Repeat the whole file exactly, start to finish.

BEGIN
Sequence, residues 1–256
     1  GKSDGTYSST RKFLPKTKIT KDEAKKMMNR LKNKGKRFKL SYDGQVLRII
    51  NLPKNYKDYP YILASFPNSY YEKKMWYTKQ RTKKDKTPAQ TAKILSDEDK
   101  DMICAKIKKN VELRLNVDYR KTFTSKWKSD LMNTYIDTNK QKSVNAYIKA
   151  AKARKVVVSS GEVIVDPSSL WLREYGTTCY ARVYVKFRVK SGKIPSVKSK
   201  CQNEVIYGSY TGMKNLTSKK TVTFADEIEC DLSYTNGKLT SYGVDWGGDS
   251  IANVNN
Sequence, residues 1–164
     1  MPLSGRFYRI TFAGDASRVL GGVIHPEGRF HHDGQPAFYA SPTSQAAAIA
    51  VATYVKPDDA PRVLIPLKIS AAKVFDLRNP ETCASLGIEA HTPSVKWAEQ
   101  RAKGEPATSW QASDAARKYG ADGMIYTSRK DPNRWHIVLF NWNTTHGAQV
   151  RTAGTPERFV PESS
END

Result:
Sequence, residues 1–256
     1  GKSDGTYSST RKFLPKTKIT KDEAKKMMNR LKNKGKRFKL SYDGQVLRII
    51  NLPKNYKDYP YILASFPNSY YEKKMWYTKQ RTKKDKTPAQ TAKILSDEDK
   101  DMICAKIKKN VELRLNVDYR KTFTSKWKSD LMNTYIDTNK QKSVNAYIKA
   151  AKARKVVVSS GEVIVDPSSL WLREYGTTCY ARVYVKFRVK SGKIPSVKSK
   201  CQNEVIYGSY TGMKNLTSKK TVTFADEIEC DLSYTNGKLT SYGVDWGGDS
   251  IANVNN
Sequence, residues 1–164
     1  MPLSGRFYRI TFAGDASRVL GGVIHPEGRF HHDGQPAFYA SPTSQAAAIA
    51  VATYVKPDDA PRVLIPLKIS AAKVFDLRNP ETCASLGIEA HTPSVKWAEQ
   101  RAKGEPATSW QASDAARKYG ADGMIYTSRK DPNRWHIVLF NWNTTHGAQV
   151  RTAGTPERFV PESS